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Ketoacidosis Turbid Definition

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Pseudohyponatremia

Measurement of plasma/serum sodium concentration is one of the most frequently requested blood tests in clinical practice. Although usually performed in the laboratory, the test is also available at the point of care using technology incorporated into blood gas and other point-of-care analyzers. In health, sodium concentration is maintained between 135 and 145 mmol/L, so that hyponatremia (reduction in plasma sodium) is diagnosed if the concentration falls below 135 mmol/L. Effective, safe correction of plasma sodium depends on establishing the cause. Initial assessment of the hyponatremic patient should include due consideration of the rare possibility that the result is spuriously low: that this is not true hyponatremia but so-called "pseudo"hyponatremia. The main purpose of this article is to outline how some laboratory methods can, in certain well-defined clinical situations, give rise to a falsely low plasma sodium concentration, and thereby a diagnosis of pseudohyponatremia. Indicators that help establish a diagnosis of pseudohyponatremia will be discussed, and with the help of two published case histories, the danger of failing to recognize pseudohyponatremia will be highlig Continue reading >>

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Popular Questions

  1. zackly

    Diabetic eating low carb but not losing weight

    I've been reducing carbs since last summer but have been really trying to eat a maximum of 75 or less grams daily since Jan. I. I've done this to get better control of my out of control Type 2 diabetes. I've done well dropping my A1C from almost 9 to about 6.5. My endocrinologist is pleased with my progress. What has surprised me is that I have't lost weight. Oh, maybe a couple of pounds in the first few weeks but that's all. I'm not that disappointed because getting my diabetes under control was and will continue to be Job#1 but I see all these claims of dramatic weight loss on low carb diets. I do not count calories or limit portion size. The calories from reduced carbs have been replaced by more protein & fat. Why am I not losing weight? I take a considerable amount of insulin and live a fairly sedentary life. Is it still all about calories or am I missing something? Thanks for your help!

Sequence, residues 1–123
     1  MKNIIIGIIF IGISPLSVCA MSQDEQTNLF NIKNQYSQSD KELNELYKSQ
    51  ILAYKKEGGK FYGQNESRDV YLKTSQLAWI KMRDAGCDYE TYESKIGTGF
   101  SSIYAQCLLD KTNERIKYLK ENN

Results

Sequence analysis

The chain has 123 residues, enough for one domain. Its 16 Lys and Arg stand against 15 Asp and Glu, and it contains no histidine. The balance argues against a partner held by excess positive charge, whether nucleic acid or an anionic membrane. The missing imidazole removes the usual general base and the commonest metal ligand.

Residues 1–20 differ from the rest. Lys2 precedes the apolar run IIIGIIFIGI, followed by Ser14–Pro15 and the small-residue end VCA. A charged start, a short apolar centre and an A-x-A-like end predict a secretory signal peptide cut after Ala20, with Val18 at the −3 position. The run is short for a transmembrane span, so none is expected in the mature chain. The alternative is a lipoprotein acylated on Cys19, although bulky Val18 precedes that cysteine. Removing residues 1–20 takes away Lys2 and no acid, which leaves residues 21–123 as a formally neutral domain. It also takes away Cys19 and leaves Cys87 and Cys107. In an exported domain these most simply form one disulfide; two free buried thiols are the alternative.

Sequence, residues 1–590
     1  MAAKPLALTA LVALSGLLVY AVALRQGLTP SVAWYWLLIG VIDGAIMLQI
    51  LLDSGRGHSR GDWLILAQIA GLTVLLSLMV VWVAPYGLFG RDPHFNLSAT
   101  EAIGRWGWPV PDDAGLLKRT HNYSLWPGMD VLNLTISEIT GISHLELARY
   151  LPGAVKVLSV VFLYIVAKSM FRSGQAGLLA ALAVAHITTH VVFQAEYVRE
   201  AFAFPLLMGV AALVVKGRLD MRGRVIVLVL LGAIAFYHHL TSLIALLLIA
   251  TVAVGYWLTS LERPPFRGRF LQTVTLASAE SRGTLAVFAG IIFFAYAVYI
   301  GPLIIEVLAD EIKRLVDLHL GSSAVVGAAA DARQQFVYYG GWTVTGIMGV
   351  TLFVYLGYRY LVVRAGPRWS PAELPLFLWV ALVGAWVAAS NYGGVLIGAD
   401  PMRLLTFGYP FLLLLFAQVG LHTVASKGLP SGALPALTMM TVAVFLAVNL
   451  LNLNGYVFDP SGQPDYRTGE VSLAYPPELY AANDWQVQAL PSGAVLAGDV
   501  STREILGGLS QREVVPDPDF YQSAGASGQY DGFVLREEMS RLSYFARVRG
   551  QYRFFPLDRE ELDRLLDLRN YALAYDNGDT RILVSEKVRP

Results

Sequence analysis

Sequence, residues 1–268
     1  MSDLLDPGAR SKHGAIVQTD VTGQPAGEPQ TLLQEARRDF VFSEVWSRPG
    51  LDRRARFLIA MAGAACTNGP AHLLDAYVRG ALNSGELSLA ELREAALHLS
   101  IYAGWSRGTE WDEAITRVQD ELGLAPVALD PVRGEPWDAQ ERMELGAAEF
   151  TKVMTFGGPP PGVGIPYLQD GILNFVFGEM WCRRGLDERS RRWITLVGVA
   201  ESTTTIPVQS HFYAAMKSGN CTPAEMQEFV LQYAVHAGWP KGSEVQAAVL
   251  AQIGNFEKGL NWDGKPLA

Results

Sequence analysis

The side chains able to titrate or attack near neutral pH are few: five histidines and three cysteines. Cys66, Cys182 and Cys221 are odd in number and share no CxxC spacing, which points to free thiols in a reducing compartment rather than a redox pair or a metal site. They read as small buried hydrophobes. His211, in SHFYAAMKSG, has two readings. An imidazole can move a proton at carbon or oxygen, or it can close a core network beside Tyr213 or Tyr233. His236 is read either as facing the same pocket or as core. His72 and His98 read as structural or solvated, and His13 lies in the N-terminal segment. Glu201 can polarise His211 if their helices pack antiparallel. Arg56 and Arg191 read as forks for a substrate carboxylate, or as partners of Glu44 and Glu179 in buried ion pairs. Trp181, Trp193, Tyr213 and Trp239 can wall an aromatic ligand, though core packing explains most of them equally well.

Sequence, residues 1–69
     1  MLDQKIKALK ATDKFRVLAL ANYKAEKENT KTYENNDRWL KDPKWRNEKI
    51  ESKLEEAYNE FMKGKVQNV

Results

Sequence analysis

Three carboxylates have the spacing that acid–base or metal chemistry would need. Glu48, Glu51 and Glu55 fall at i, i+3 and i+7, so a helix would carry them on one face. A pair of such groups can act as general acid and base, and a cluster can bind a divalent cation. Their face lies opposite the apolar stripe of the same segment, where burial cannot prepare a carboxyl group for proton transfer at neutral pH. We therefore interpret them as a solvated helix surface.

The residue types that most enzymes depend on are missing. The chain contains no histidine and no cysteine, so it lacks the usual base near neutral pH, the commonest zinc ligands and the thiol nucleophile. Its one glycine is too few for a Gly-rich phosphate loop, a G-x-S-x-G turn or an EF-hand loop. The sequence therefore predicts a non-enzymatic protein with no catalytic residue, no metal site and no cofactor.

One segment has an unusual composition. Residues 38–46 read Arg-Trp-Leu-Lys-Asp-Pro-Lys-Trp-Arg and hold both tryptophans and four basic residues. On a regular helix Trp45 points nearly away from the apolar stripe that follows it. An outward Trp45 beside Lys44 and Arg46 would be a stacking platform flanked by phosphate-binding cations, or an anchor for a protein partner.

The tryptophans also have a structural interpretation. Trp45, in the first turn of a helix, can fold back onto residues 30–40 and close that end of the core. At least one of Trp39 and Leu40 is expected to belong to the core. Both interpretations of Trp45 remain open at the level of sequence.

2. linguafood

    Hm. Good question. I know when I first jumped on the low-carb wagon, back in 04 or whenever that South Beach diet was all the rage, I lost nothing. Zip. Zilch. While friends around me were dropping poundage like crazy, I'd lose a couple one week and then gain them back the next. Drove me positively nuts, as I was following that idiotic induction phase to the tee and was eating scrambled eggs for breakfast every goddamn day.
    So I understand your frustration.
    For some reason, when I cut out starches again a couple of years ago (but also cutting down on portion sizes), I lost about 16-18 lbs. over the course of a year.
    Not fast, but effectively gone. Maybe it just takes longer than you thought it would?

  3. zackly

    I've never been good @ eating a lesser amount of food than what satisfies me. There's a point where, if I eat one mouthful more or less, I feel uncomfortably stuffed or famished. Are all people wired this way? It seems that some people's appetites shut off @ a point that cause them to store minimal fat while other people are not sated until they eat an amount that causes them to store a lot of fat?

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